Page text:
Jon Landay has a very good piece about Gen. McChrystal overruling his officers’ judgment in eastern Afghanistan about closing two remote military outposts that “were worthless and too costly to defend.” An official investigation into a deadly insurgent attack on one of them last fall ignored McChrystal’s role in the decision and appears to hang out to dry the colonel and the lieutenant colonel who wanted the bases shuttered. That’s wrong and can’t be allowed to happen. But McChrystal’s judgment in this case appears to be on the continuum between defensible and solid.

Here’s why McChrystal kept the bases in Nuristan Province open:

Nuristan Gov. Jamalluddin Badr pressured the United States publicly and privately to keep troops in Barg-e Matal to prevent the village from falling to the Taliban before Afghanistan’s Aug. 20 presidential election. The two U.S. defense officials said McChrystal’s decision to keep the outpost there open until the local militia was trained was intended to help Badr survive the political fallout had insurgents captured the village after an American withdrawal.

“Everyone knew why we were in Barg-e Matal,” one U.S. defense official said. “McChrystal . . . was not in favor of pulling out because of the political ramifications.”

Now, perhaps Governor Badr was just saving his ass. But perhaps he was also legitimately concerned with keeping Barg-e Matal out of the Taliban’s hands. Either way, here’s the governor of an Afghan province expressly asking the U.S. to delay redeployment — McChrystal has explicitly ordered remote outposts closed so as to focus on population centers — because of the prospect of Taliban infiltration, something that happens quite a lot in eastern provinces bordering Pakistan.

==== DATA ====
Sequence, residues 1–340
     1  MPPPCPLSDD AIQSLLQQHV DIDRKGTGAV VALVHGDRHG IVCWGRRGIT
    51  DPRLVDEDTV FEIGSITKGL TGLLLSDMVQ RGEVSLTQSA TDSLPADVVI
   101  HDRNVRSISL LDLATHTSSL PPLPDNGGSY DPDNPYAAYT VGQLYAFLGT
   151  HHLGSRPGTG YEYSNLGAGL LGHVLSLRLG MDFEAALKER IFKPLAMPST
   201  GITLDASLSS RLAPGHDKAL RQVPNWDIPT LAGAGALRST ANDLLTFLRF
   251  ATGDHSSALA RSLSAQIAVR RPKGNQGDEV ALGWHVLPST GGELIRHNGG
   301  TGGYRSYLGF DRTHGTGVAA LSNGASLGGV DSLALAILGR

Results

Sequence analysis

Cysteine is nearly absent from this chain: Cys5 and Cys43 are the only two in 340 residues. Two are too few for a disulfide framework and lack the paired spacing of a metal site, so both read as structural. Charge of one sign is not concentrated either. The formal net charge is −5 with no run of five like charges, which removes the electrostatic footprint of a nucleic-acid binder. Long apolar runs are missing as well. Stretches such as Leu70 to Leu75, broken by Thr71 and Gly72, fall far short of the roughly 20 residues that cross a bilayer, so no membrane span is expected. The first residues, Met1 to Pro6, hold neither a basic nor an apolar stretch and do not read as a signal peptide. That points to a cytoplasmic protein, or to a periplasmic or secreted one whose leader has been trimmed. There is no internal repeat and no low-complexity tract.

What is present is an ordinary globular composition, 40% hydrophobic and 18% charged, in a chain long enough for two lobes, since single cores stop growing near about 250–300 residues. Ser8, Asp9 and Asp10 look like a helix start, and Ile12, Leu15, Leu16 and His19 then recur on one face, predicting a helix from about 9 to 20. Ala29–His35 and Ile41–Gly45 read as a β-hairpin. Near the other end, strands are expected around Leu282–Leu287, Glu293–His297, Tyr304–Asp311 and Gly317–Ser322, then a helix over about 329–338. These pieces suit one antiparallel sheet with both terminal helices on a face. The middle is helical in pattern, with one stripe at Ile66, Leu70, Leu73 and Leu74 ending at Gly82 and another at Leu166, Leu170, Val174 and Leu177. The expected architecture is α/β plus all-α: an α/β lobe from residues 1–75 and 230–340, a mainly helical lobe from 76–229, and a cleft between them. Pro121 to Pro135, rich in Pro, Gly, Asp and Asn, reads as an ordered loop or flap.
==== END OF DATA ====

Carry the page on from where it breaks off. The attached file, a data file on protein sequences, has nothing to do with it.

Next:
Say you’re McChrystal. You’re working on a campaign plan predicated on convincing the Afghan people their material needs — security, government services, economic activity, justice — will be secured by an Afghan government for now backstopped by NATO forces. That’s the heart of everything you will do in Afghanistan. You recognize that a move away from an ineffectual counterterrorism basing posture requires closing bases that aren’t in and around population centers. But an Afghan governor comes to you and says to hold off on closing one, just for a few months, so as not to give the Taliban the run of the place. Your commanders in the area say the base isn’t defensible. Their judgment can’t be ignored. But what will it mean for the broader objectives of the campaign if you ignore the Afghan governor and leave him and Barg-e Matal to its fate? Why will the Afghans, who’ve been let down so much by empty American promises, read that move as anything other than the U.S. viewing its peoples’ lives as more precious than theirs?

I’m not saying this is an easy call. I am not qualified to assess the defendability of a combat outpost and so I defer to Col. George and Lt. Col. Brown. I have been to a combat outpost in Paktia Province manned by a single cavalry troop that made me, in my very inexpert judgment, worry about its exposure to assault. And if there’s a decision made to keep the bases open, it’s more than legitimate to ask whether they could have been reinforced — and if so, why they weren’t (as they apparently weren’t).

But this is the sort of war where the perceptions of the Afghan people, as McChrystal famously said in his confirmation hearing, are strategically decisive. (That’s why it’s encouraging and not embarrassing that NATO polled the residents of Marja before Operation Moshtarek.) You obviously can’t protect everywhere. But there really is strategic value, if not uncomplicated value, to listening to Afghan officials when they ask you to keep a prophylactic presence against the Taliban, if only for a little while and however complicated by the prospect of a looming election. This is a judgment call. But it reflects favorably on the commander’s judgment that he prioritized his support for the Afghans when he made it.